Sarah Bardol, director of Women’s Care Center’s Indianapolis clinic, told the Criterion Online Edition, a publication of the Archdiocese of Indianapolis, that the first day the center was open, a woman and her boyfriend did walk into the “wrong door” hoping to have an abortion.

“The staff of the new Women’s Care Center in Indianapolis, located just yards from the largest abortion provider in the state, hopes for many such ‘wrong-door’ incidents as they seek to help women choose life for their unborn babies,” reported the Criterion Online Edition.

If they submit to counseling, Hoosiers who walk into the “wrong door” and “choose life” can receive up to about $40 in goods over the course their pregnancy and the first year of that child’s life. Perhaps several years ago they may have been eligible for Temporary Assistance for Needy Families, but now with the work requirement, they may not qualify.

In a February 2016 interview with National Right to Life, one of the nation’s most prominent anti-choice groups, Gov. Pence said, “Life is winning in Indiana.” Though Pence was referring to the Real Alternatives contract, and the wave of anti-choice legislation sweeping through the state, it’s not clear what “life is winning” actually means. The state’s opioid epidemic claimed 1,172 lives in 2014, a statistically significant increase from the previous year, according to the Centers for Disease Control and Prevention. HIV infections have spread dramatically throughout the state, in part because of Pence’s unwillingness to support medically sound prevention practices. Indiana’s infant mortality rate is above the national average, and infant mortality among Black babies is even higher. And Pence has reduced access to prevention services such as those offered by Planned Parenthood through budget cuts and unnecessary regulations—while increasing spending on anti-choice crisis pregnancy centers.

Gov. Pence’s track record shows that these policies are no mistake. The medical and financial needs of his most vulnerable constituents have taken a backseat to religious ideology throughout his time in office. He has literally reallocated money for poor Hoosiers to fund anti-choice organizations. In his tenure as both a congressman and a governor, he’s proven that whether on a national or state level, he’s willing to put “pro-life” over quality-of-life for his constituents.

News Abortion

Leading Anti-Choice ‘Expert’ Suggests Women Turn to Crisis Pregnancy Centers to Cope With Abortion Restrictions

Ally Boguhn

Though crisis pregnancy centers often lie to women to persuade them not get an abortion, Priscilla Coleman suggested that people dealing with the additional financial and geographical barriers imposed by waiting periods turn to those organizations for help.

A leading anti-choice “expert” suggested during an interview with Rewire at the National Right to Life Convention last week that women should turn to crisis pregnancy centers to cope with the barriers to abortion care, including obstacles she helped create.

Priscilla Coleman, one of the “False Witnesses” previously featured on Rewire for her egregious falsehoods about the supposed link between abortion and mental health, said that the “scientific information” she provides in her speaking engagements and through her nonprofit, the World Expert Consortium for Abortion Research and Education (WECARE), has helped get anti-choice bills passed in states, particularly South Dakota.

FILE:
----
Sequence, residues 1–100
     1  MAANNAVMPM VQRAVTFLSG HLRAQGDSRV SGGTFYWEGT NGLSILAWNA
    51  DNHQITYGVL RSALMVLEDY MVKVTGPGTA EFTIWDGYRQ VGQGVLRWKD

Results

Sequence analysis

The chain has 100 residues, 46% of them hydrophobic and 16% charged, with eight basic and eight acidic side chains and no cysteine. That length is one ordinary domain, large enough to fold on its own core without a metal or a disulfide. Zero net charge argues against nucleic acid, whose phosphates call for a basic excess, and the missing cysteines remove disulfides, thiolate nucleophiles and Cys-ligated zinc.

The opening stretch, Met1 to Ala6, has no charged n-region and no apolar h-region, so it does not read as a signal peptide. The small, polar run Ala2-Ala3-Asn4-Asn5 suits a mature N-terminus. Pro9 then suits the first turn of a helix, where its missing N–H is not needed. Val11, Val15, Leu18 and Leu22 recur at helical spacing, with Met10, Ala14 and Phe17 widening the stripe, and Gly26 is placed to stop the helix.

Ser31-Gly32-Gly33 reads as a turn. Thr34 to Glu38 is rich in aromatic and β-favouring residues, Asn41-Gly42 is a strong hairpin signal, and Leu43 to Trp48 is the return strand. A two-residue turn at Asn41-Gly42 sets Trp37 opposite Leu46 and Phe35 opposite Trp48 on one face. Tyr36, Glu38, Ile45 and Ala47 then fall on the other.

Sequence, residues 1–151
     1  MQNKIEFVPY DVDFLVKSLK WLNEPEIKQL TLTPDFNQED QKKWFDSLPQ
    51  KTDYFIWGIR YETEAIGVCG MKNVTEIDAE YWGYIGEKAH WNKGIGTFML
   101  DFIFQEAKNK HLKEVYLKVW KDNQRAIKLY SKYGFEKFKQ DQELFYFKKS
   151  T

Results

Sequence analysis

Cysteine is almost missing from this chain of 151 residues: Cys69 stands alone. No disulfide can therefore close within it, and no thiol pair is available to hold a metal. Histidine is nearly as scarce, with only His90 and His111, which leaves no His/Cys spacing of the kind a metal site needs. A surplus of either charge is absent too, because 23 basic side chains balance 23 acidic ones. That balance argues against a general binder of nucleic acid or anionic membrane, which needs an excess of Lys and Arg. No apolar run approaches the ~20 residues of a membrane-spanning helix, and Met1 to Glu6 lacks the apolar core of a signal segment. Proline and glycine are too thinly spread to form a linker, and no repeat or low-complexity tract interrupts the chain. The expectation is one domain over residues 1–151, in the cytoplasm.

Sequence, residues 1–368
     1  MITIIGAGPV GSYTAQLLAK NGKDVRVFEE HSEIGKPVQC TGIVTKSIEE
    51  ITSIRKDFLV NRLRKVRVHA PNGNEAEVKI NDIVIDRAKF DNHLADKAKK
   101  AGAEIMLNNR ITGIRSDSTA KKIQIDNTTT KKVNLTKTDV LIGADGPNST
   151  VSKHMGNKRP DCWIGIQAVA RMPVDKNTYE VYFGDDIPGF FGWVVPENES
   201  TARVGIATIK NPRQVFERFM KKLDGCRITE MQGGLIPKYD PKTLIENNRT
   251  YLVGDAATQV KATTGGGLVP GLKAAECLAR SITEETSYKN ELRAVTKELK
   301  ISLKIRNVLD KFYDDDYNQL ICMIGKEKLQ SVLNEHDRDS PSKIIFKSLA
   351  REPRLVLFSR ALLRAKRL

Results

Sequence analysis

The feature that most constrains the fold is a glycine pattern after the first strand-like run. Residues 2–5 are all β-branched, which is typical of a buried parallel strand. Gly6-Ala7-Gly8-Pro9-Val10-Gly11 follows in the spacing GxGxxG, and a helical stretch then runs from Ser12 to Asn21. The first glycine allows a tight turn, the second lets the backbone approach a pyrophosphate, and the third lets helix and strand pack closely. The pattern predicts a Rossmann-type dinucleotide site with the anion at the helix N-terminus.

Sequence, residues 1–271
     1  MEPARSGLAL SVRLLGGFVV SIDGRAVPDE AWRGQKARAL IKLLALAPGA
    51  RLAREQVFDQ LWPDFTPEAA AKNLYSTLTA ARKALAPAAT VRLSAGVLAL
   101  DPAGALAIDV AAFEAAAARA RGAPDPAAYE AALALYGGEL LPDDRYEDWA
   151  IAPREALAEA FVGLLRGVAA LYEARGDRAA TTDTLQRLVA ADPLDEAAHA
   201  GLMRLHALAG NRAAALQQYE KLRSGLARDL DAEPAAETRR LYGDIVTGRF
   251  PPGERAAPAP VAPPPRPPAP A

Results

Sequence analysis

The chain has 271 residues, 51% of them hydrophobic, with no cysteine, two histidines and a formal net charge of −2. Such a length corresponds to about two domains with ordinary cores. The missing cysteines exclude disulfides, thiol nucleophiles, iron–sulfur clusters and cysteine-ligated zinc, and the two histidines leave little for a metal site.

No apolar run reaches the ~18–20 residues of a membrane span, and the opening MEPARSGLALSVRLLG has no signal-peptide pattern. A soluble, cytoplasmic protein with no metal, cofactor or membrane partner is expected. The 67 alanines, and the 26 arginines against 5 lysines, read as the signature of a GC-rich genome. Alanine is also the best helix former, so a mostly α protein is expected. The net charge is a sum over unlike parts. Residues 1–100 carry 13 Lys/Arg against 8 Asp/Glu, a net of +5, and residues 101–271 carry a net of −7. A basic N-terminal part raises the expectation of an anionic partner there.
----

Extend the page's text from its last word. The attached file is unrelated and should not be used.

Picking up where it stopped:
Though her work has been widely discredited by the scientific and medical community, Coleman has nonetheless frequently appeared as an “expert witness” in trials and hearings. As Coleman told Rewire, she is “not a medical doctor” but has nonetheless “been really involved for ten years now with South Dakota” and its anti-choice legislation. This included the South Dakota Informed Consent Law (HB 1166), and what she deemed to be an “anti-coercion bill,” seemingly referring to HB 1217, which requires that a woman seeking an abortion wait 72 hours and visit a crisis pregnancy center prior to the abortion.

Coleman acknowledged that the anti-choice laws in the state such as the waiting period had created barriers to care, as “women have to … get a hotel, you know, or find a way back” to clinics.

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“And that’s the complaint on the other side, that it’s making access more difficult,” Coleman went on, “but as all the data out there is showing the long-term effects of abortion, spending three more days to make the decision is in the women’s best interest, no matter what side you’re on.”

When pressed to respond to those who note that anti-choice restrictions make accessing abortion more difficult, Coleman replied that she “would just say that it’s worth a three-day hotel room and … if you’re going to pay for an abortion, allow an extra couple hundred dollars … to take some time because it has lifetime implications.”

Coleman, however, struggled to account for how one might come up with that money.

“Well, they’re somehow coming up with the money for the abortion,” said Coleman. “I’m not familiar enough with fees and things, but my understanding is that most women, no matter how poor they are, still have to pay for the procedure. Is that correct?”

Though crisis pregnancy centers often lie to women to persuade them not get an abortion, Coleman suggested that those dealing with the additional financial and geographical barriers imposed by waiting periods turn to those organizations for help.

“I’m sure that if they contacted crisis pregnancy centers … women could find a place to stay for a couple of days,” said Coleman. “I’m sure that many people affiliated with those centers would be happy to house the women in their own home if there is a room for them.”

The other anti-choice law Coleman connected herself with, HB 1166, uses the same falsehoods she claims her research supports. South Dakota’s so-called informed consent law requires doctors to receive consent prior to performing an abortion, and mandates that physicians provide those seeking care with written information that, among other things, falsely claims there is a connection between abortion and both “depression and related psychological distress” and “increased risk of suicide ideation and suicide.”

Coleman “served as an expert in South Dakota” after Planned Parenthood affiliates challenged the legislation, according to WECARE’s website.

As the Guttmacher Institute explains, all states already require patients consent prior to receiving medical care, and materials provided by the states that require mandated abortion counseling often offer “information that is irrelevant or misleading.”